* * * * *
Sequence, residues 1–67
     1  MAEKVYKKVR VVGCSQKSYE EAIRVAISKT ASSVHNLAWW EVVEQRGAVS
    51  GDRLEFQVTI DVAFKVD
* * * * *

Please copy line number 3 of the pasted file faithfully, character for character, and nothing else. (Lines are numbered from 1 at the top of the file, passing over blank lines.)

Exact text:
    51  GDRLEFQVTI DVAFKVD